Long Beach Dub All-Stars' and Sublime's Bud Gaugh

Drummer Bud Gaugh was an integral component of the sound of Sublime, the

Southern California ska-punk/dub band that broke up following

singer/guitarist Brad Nowell's 1996 death.

Gaugh and Sublime's other surviving member, bassist Eric Wilson, just

released the first album by their post-Sublime band, the Long Beach Dub

All-Stars.

Floyd "Bud" Gaugh was born 32 years ago today in California. His family

lived across an alleyway from Wilson, and the two men have been friends

since their youth.

Gaugh and Wilson began playing music and surfing together at Seal Beach,

Calif. The pair would also go to concerts by local punk bands. The lyric

"punk rock changed our lives" from one of those bands, the Minutemen,

was sampled by Sublime on their first LP.

Wilson's father, a big-band drummer, taught Gaugh the instrument. Wilson

had played music with Nowell in the sixth grade, then Nowell moved to

Santa Cruz to attend college. During a break from school, Nowell was

introduced to Gaugh by Wilson and the three formed Sublime.

After selling cassettes of their music at their shows, Sublime recorded

their 1992 debut LP 40 Oz. to Freedom (RealAudio

excerpt of title cut). The band issued the album on its own

Skunk label.

The record sold well via word of mouth, but Nowell soon began experimenting

with hard drugs. Sublime's follow-up, Robbin' the Hood (1994),

was recorded for the most part in a Long Beach crack house with an addicted

Nowell. Gaugh had battled drugs in the past and tried to assist Nowell

with his problem. Shortly before the sophomore LP's release, a local

radio station made a hit of "Date Rape," from Sublime's first album.

Sublime also played before its growing fanbase of surfers and skateboarders

when it co-headlined gigs on the first Vans Warped Tour.

But it was Sublime's eponymous 1996 album, released on MCA nearly two

months after Nowell's death, that became a huge success. Nowell was found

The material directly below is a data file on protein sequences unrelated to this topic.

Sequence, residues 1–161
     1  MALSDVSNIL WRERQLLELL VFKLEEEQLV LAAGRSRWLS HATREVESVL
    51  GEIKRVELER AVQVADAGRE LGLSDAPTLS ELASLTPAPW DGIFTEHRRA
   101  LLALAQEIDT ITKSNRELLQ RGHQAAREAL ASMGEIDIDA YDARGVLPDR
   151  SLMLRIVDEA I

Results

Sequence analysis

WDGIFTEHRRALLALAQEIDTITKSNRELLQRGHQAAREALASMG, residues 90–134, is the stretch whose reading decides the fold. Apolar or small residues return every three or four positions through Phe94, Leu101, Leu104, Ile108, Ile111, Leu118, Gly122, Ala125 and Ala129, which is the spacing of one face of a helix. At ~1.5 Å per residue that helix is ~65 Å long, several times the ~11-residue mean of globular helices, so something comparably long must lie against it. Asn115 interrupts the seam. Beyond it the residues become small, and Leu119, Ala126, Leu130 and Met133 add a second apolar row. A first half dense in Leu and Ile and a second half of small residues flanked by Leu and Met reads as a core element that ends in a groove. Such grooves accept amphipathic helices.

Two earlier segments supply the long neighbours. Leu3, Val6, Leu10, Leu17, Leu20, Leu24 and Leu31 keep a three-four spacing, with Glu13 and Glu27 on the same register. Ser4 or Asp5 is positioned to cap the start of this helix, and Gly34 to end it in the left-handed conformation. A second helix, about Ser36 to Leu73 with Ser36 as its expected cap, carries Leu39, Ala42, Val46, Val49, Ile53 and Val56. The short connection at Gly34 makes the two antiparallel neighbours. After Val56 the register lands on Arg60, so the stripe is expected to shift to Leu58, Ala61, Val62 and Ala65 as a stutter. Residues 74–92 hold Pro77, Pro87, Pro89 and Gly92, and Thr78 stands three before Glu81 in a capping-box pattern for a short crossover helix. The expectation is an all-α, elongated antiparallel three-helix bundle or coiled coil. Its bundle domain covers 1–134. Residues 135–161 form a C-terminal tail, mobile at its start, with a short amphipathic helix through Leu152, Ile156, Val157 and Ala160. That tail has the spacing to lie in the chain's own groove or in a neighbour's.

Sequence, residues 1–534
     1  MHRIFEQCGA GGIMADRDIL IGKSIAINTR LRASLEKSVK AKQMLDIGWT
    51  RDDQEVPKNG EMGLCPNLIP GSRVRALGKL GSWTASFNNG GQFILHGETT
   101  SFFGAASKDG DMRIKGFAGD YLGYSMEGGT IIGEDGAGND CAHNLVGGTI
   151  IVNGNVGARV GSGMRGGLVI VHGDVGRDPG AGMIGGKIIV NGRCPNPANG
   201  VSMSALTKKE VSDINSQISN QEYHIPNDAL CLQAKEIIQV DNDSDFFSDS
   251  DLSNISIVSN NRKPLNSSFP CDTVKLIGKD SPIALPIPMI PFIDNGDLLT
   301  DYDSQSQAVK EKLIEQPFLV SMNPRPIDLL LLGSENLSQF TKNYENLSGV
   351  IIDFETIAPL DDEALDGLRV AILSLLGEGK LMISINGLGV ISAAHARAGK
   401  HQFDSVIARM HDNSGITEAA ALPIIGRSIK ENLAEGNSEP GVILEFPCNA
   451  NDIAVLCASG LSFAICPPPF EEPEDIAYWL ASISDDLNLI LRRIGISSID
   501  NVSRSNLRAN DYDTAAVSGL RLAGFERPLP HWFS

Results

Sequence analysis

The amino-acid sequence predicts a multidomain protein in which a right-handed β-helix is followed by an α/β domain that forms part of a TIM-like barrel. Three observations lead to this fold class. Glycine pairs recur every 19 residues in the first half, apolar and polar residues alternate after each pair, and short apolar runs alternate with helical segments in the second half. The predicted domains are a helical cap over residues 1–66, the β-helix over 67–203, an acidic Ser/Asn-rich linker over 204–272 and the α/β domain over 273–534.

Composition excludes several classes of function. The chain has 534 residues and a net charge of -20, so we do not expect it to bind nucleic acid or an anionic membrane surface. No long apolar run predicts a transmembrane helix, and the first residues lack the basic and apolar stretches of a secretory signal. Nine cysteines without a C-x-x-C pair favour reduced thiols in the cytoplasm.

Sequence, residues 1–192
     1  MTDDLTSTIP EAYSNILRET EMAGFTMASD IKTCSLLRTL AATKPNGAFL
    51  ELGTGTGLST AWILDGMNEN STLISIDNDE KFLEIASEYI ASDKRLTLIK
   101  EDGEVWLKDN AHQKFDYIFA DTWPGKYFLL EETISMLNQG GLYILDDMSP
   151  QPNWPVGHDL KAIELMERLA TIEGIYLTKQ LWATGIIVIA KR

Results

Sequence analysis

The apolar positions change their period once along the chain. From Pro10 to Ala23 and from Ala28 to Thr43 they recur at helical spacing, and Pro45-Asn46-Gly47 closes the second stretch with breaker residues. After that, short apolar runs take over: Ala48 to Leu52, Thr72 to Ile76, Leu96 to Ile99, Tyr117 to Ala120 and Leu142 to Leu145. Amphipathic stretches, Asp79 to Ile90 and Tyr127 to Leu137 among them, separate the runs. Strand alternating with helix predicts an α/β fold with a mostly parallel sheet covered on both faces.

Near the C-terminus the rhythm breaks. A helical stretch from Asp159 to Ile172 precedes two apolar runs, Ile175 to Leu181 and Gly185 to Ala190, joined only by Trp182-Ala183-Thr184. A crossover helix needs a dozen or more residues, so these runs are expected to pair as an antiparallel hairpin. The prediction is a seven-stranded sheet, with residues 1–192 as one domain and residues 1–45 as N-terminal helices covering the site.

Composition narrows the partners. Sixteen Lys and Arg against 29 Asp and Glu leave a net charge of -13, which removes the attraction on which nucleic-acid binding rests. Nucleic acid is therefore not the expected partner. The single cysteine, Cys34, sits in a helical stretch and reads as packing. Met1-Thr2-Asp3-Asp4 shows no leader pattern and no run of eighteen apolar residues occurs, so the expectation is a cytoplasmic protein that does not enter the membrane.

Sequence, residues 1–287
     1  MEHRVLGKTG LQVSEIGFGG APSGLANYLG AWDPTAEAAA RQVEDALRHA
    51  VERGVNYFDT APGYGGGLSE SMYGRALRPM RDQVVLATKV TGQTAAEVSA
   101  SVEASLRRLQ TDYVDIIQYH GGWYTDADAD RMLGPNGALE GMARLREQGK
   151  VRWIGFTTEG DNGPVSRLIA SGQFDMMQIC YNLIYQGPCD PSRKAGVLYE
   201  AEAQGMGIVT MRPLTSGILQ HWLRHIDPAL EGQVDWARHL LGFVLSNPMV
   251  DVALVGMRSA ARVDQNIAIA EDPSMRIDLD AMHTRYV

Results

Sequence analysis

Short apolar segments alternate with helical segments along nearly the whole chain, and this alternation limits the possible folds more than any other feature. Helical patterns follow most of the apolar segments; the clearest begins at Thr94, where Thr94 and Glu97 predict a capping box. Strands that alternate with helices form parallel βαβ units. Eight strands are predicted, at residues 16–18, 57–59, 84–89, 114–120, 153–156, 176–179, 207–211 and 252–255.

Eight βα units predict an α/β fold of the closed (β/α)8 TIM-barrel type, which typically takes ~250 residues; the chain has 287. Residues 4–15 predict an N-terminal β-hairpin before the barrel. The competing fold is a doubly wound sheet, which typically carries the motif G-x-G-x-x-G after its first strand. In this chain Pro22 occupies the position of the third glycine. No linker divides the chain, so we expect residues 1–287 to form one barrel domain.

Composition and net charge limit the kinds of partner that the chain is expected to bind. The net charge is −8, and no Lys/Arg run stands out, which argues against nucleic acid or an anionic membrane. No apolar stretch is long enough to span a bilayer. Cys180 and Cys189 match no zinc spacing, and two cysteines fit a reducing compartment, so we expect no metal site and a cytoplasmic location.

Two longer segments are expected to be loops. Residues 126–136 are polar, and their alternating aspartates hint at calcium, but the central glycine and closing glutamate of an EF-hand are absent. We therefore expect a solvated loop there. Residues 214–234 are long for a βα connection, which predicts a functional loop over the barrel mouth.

dead from a heroin overdose in a San Francisco hotel room. "What I Got,"

from the LP, became a hit with modern-rock radio, and the album was

certified gold. It also featured such tracks as "Same in the End" and

"April 29, 1992 (Miami)."

Second Hand Smoke, a rarities and remixes LP, followed in 1997.

The following year came Live: Stand by Your Van. Last year the

band issued Acoustic: Bradley Nowell & Friends.

Also in 1998, a Sublime documentary, "Stories, Tales, Lies & Exaggerations,"

was released on home video by director Josh Fischel.

Fischel said of Sublime: "One thing I always noticed in hanging out with

them is that it really [was] a family. ... They're storytellers, and they

tell their story so well, but every time you talk to one of them, it

changes or it sounds different."

On Sept. 21, the Long Beach Dub All-Stars issued Right Back,

featuring reggae musicians such as Barrington Levy, Half-Pint and Tippa;

hardcore Bad Brains singer HR; and guitarist Fletcher Dragge of punk

group Pennywise. The All-Stars feature a number of vocalists, including

Opie Ortiz.

Earlier this year, a vinyl version of 40 Oz. to Freedom was offered

on Sublime's retail website (www.sublimedirect.com) and then made available

in record stores.

Other birthdays: Leon Rausch (Bob Wills and the Texas Playboys), 72;

Jimmy Torres (String-a-Longs), 60; Lolly Vegas (Redbone), 60; Ron Meagher

(Beau Brummels), 58; Don McLean, 54; Richard Hell (Television, Voidoids),

50; Mike Rutherford (Genesis, Mike + the Mechanics), 49; Sting, 48; John

Otway, 47; Phil Oakey (Human League), 44; Freddie Jackson, 41; Robbie

Nevil, 39; Dion Allen (Az Yet), 29; Tiffany, 28; and LaTocha Scott

(Xscape), 26.